I am missing something here. How many WAR do you think a manager is worth–if it’s 5, then he gets $20MM right? Let’s says it’s 3–then $12 MM. Stop messing around and get the right guy (I don’t know who that is, of course). If we had 91 wins we would be in the playoffs… Get the right guy.

  18. philipd763 - Oct 1, 2013 at 12:50 PM

    We can forget Girardi and Larusso, they will cost too much and Rizzo will try to be as frugal as possible. I say it will boil down to Knorr or Williams. Both would be first time major league managers so they would only command a reasonable salary. It’s probably a toss up but remember Rizzo still has a strong preference for dipping into the Diamondback well.

  19. Theophilus T.S. - Oct 1, 2013 at 12:53 PM

    I don’t see the argument for Sciosia. He’s got a nice record but he didn’t do very well w/ a lot of high maintenance types last season — though from what has been written Pujols could have spoiled anyone’s lunch. Much as we want to think all the Nats are fine go along-get along fellows there are a number of them who need periodic injections of focus, common sense, team consciousness and/or maturity. And I don’t believe in trading players for managers.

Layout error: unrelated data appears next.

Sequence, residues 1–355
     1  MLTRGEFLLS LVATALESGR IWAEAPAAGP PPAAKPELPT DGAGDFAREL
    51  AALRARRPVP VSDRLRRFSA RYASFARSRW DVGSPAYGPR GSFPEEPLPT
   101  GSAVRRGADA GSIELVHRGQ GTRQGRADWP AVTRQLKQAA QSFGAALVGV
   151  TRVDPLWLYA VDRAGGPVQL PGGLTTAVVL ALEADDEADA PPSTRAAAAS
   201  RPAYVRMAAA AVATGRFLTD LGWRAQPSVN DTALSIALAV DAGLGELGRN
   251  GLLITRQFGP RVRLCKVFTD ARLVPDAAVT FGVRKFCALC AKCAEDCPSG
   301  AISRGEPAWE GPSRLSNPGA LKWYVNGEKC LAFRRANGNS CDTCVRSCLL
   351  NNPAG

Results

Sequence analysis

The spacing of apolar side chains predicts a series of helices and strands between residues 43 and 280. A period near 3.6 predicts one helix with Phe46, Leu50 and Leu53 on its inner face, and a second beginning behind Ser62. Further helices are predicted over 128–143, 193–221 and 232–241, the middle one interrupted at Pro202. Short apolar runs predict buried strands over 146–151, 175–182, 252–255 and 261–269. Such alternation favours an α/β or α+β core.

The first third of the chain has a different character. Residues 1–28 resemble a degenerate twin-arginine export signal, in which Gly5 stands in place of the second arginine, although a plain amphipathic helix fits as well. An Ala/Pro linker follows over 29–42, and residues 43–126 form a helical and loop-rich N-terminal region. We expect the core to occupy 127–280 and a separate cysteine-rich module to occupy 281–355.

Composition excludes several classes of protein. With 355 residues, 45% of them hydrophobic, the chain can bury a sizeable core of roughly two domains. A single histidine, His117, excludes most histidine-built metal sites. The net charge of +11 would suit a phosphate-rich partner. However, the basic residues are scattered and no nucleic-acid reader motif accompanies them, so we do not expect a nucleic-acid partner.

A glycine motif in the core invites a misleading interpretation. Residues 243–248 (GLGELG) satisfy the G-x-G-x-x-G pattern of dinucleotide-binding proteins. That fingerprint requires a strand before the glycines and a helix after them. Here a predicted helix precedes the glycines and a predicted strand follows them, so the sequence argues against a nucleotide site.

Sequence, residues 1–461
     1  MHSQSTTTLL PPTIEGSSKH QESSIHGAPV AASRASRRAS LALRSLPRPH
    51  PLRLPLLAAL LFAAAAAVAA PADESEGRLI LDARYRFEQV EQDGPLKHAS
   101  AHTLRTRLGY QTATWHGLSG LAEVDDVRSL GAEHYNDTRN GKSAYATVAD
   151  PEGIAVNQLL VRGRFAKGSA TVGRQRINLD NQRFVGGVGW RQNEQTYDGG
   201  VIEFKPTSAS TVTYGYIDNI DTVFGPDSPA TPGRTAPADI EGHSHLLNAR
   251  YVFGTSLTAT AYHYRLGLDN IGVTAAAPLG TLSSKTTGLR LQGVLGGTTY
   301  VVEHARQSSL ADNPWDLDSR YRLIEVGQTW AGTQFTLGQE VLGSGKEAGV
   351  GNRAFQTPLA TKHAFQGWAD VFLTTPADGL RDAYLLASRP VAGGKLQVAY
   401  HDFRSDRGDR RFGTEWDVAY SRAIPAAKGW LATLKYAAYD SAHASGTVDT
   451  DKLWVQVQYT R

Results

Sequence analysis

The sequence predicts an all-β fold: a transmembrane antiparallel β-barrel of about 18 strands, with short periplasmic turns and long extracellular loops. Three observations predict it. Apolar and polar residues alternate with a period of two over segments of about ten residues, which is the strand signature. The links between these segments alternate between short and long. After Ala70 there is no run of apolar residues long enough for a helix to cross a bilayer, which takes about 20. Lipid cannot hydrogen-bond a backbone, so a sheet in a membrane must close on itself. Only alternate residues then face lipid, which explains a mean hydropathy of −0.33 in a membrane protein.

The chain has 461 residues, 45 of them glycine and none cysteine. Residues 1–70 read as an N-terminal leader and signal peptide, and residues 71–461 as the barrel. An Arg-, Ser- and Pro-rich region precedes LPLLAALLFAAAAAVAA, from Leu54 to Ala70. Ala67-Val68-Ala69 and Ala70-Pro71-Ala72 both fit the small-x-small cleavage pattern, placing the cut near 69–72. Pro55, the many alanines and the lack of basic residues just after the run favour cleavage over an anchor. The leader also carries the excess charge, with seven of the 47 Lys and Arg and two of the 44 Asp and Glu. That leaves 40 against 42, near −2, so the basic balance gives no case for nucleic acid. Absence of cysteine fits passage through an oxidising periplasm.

20. philipd763 - Oct 1, 2013 at 12:59 PM

    Regarding Cal Ripken, I would not be surprised if he eventually forms a syndicate to purchase the Orioles from Peter Angelos. Angelos is 84 years old so at some point soon he will likely put the team up for sale. I don’t see Ripken becoming the Nationals manager.

    • Sonny G 10 - Oct 1, 2013 at 1:06 PM

      The sooner Angelos is gone, the better I’ll like it.

  21. Theophilus T.S. - Oct 1, 2013 at 1:02 PM

    Looking at the list of current M/L managers Sciosia is the only remaining manager w/ a reasonable chance of being fired — except possibly Weiss and Gonzalez. Don’t think we want either of those. Rizzo’s job is to sniff out a truffle.